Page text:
SEATTLE, Feb 17 (Reuters) - A Hispanic advocacy group urged the U.S. Justice Department on Tuesday to conduct its own investigation into the fatal police shooting in Washington state of an unarmed Mexican immigrant who ran from officers after throwing rocks at them.
Consejo Latino Chairman Felix Vargas complained of an inherent conflict of interest in having local authorities investigate the Feb. 10 slaying of Antonio Zambrano-Montes in Pasco, a small city in an agricultural hub with a large Hispanic community and a largely white power structure.
"It appears inescapable that the lethal force applied by these police officers was excessive in the extreme and, as such, it constituted a violation of Mr. Zambrano's constitutional rights," Vargas wrote in a letter to the Justice Department.
Vargas noted that police officers have been cleared of wrongdoing in three shootings over the past six months.
His organization's call for a separate inquiry follows similar demands in the wake of the police killings of two unarmed black men last year by white police officers in Missouri, and in New York City.
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Several hundred people protested on Saturday over the killing in Pasco, some 200 miles (320 km) southeast of Seattle. On Friday, the Mexican government condemned the killing as a disproportionate use of lethal force.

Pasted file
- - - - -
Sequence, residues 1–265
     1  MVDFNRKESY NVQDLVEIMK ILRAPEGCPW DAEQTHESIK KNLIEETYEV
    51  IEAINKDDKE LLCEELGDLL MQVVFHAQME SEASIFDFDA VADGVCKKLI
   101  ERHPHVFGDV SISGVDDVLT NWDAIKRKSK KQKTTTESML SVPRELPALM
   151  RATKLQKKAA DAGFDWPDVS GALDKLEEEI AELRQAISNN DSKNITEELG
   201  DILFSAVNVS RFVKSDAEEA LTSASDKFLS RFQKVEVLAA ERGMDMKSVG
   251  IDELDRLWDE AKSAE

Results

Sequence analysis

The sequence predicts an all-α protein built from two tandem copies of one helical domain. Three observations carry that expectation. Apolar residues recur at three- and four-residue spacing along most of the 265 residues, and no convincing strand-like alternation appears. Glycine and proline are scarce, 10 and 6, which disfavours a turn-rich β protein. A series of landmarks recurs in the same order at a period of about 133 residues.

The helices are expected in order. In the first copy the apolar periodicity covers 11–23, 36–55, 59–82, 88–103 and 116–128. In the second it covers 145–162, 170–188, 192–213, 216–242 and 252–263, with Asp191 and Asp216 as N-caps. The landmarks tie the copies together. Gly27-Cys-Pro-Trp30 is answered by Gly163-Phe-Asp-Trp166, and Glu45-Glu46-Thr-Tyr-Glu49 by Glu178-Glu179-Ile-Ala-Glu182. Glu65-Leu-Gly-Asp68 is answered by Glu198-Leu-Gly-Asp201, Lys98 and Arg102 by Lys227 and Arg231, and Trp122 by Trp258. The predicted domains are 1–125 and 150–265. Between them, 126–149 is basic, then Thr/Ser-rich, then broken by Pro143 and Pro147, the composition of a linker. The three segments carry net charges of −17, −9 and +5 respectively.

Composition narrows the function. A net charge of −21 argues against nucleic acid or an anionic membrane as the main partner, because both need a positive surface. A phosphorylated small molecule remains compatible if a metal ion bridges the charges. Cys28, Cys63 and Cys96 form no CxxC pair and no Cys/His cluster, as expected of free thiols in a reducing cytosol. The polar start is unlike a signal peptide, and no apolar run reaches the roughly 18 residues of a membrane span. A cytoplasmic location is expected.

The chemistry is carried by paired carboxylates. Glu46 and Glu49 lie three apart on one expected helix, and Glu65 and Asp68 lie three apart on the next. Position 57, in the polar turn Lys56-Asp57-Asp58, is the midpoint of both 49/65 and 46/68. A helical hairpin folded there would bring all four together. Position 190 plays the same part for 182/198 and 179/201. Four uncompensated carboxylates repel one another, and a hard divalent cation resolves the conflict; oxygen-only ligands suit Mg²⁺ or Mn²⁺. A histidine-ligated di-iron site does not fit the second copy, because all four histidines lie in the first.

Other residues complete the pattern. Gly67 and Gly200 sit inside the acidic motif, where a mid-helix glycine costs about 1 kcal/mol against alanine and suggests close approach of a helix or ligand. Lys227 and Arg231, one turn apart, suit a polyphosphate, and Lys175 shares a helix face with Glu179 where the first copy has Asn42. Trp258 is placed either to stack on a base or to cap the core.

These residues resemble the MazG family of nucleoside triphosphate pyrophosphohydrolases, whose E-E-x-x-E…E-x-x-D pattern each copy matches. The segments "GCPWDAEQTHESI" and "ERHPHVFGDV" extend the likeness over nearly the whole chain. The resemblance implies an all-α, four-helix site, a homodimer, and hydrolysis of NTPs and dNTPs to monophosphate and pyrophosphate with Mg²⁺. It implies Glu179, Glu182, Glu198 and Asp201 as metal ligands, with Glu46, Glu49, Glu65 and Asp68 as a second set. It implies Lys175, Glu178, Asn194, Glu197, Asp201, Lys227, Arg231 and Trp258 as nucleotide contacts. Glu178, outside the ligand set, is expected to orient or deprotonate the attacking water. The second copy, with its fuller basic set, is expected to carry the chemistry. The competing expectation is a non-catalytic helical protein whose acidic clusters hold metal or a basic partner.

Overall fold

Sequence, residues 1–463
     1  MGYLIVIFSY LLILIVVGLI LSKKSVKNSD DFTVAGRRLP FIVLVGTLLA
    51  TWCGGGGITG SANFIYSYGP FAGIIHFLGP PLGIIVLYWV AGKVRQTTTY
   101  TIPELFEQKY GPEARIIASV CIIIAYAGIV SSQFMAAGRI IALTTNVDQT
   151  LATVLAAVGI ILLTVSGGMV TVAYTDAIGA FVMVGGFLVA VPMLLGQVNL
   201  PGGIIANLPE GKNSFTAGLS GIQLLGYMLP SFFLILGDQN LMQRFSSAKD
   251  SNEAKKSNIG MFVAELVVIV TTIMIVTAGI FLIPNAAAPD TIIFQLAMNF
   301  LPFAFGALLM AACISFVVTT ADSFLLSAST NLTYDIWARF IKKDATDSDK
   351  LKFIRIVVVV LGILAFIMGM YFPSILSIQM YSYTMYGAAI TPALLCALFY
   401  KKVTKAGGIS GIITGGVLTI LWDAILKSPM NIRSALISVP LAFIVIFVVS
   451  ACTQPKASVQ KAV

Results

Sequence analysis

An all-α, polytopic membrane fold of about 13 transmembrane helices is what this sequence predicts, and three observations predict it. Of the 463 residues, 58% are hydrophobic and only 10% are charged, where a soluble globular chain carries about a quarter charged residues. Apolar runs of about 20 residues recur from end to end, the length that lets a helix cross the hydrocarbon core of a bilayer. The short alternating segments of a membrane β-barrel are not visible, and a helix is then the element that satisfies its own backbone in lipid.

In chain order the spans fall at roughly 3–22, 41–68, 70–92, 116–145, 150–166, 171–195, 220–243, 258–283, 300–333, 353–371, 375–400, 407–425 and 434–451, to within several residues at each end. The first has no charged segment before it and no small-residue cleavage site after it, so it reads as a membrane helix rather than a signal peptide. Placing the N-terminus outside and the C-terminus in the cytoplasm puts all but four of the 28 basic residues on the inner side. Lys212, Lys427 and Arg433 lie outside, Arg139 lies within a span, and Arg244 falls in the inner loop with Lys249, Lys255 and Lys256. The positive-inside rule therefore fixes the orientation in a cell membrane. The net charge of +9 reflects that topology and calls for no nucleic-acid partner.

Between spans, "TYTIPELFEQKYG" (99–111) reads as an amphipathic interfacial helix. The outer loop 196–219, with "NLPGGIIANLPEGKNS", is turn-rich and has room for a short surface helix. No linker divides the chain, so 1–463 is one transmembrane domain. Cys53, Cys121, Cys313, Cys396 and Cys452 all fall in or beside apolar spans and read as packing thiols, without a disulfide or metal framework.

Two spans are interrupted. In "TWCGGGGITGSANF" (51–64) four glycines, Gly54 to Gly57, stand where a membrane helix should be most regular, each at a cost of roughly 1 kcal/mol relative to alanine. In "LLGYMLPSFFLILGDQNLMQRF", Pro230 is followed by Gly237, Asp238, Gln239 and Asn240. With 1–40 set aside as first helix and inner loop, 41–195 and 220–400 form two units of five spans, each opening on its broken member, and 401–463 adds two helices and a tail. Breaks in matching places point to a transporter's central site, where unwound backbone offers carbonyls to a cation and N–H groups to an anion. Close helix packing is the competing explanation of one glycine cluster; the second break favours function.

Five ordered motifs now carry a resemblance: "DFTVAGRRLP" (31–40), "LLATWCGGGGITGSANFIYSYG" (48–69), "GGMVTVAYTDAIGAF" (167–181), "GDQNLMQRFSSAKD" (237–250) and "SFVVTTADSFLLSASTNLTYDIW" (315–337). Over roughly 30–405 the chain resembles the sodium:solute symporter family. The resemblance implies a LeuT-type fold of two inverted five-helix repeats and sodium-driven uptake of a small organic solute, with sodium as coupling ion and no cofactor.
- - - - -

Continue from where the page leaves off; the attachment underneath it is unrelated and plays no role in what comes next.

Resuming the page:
Franklin County coroner Dan Blasdel has ordered a seven-member jury to decide whether the killing was justified, after which a prosecutor will decide whether to pursue charges, he said.
The Justice Department did not respond to requests for comment. An FBI spokeswoman in Seattle said the agency was monitoring the local investigation.
A Pasco police spokesman said the department is not involved in the investigation and welcomed an independent inquiry.
Pasco police said Zambrano-Montes, an orchard worker from Mexico's Michoacan state, was not armed during the incident, which began in a grocery store parking lot, but noted that he pelted three officers with rocks and ignored commands to stop. The officers involved, one of whom is Hispanic, have been placed on administrative leave.
In a video filmed by a motorist and posted online, Zambrano-Montes is seen running from officers before they fire multiple times.
Vargas described Zambrano-Montes as a "troubled young man" who has used crystal meth and, a few months back, was briefly arrested in an incident in which he was shot with a stun gun.
"He was never the same after that," Vargas said. "He was moody and he suffered from depression." (Reporting by Eric M. Johnson in Seattle; Editing by Cynthia Johnston and Sandra Maler)